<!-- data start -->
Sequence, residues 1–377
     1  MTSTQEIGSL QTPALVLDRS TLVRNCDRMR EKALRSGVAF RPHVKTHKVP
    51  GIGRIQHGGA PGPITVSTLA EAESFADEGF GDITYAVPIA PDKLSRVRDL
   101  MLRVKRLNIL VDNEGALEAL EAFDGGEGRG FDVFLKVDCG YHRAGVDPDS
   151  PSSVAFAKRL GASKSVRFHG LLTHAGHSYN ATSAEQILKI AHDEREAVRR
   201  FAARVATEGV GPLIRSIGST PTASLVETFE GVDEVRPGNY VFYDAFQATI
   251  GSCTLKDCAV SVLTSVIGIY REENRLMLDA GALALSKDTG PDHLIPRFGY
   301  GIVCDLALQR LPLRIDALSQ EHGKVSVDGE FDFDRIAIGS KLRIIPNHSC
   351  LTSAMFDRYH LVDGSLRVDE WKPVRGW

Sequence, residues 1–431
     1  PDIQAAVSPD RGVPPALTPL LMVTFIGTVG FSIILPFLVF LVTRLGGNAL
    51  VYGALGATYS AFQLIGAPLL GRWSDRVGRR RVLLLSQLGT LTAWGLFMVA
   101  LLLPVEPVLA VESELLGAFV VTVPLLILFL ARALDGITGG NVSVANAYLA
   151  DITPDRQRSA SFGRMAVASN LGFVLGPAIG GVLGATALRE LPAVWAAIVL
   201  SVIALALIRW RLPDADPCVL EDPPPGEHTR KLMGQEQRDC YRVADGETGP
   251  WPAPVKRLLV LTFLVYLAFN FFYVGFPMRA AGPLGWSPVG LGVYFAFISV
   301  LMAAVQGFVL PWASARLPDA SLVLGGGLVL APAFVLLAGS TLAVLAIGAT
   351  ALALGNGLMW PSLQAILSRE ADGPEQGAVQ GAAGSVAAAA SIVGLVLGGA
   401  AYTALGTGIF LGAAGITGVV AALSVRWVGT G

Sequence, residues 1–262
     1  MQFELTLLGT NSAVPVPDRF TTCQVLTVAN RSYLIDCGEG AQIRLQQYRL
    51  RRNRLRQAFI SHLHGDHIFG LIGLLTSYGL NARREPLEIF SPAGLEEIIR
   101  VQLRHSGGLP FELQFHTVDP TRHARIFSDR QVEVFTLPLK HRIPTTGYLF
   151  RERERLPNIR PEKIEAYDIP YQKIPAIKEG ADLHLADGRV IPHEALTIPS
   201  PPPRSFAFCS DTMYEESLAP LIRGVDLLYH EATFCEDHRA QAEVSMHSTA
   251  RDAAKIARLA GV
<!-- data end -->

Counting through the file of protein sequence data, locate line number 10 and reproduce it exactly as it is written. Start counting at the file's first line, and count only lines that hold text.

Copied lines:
Sequence, residues 1–431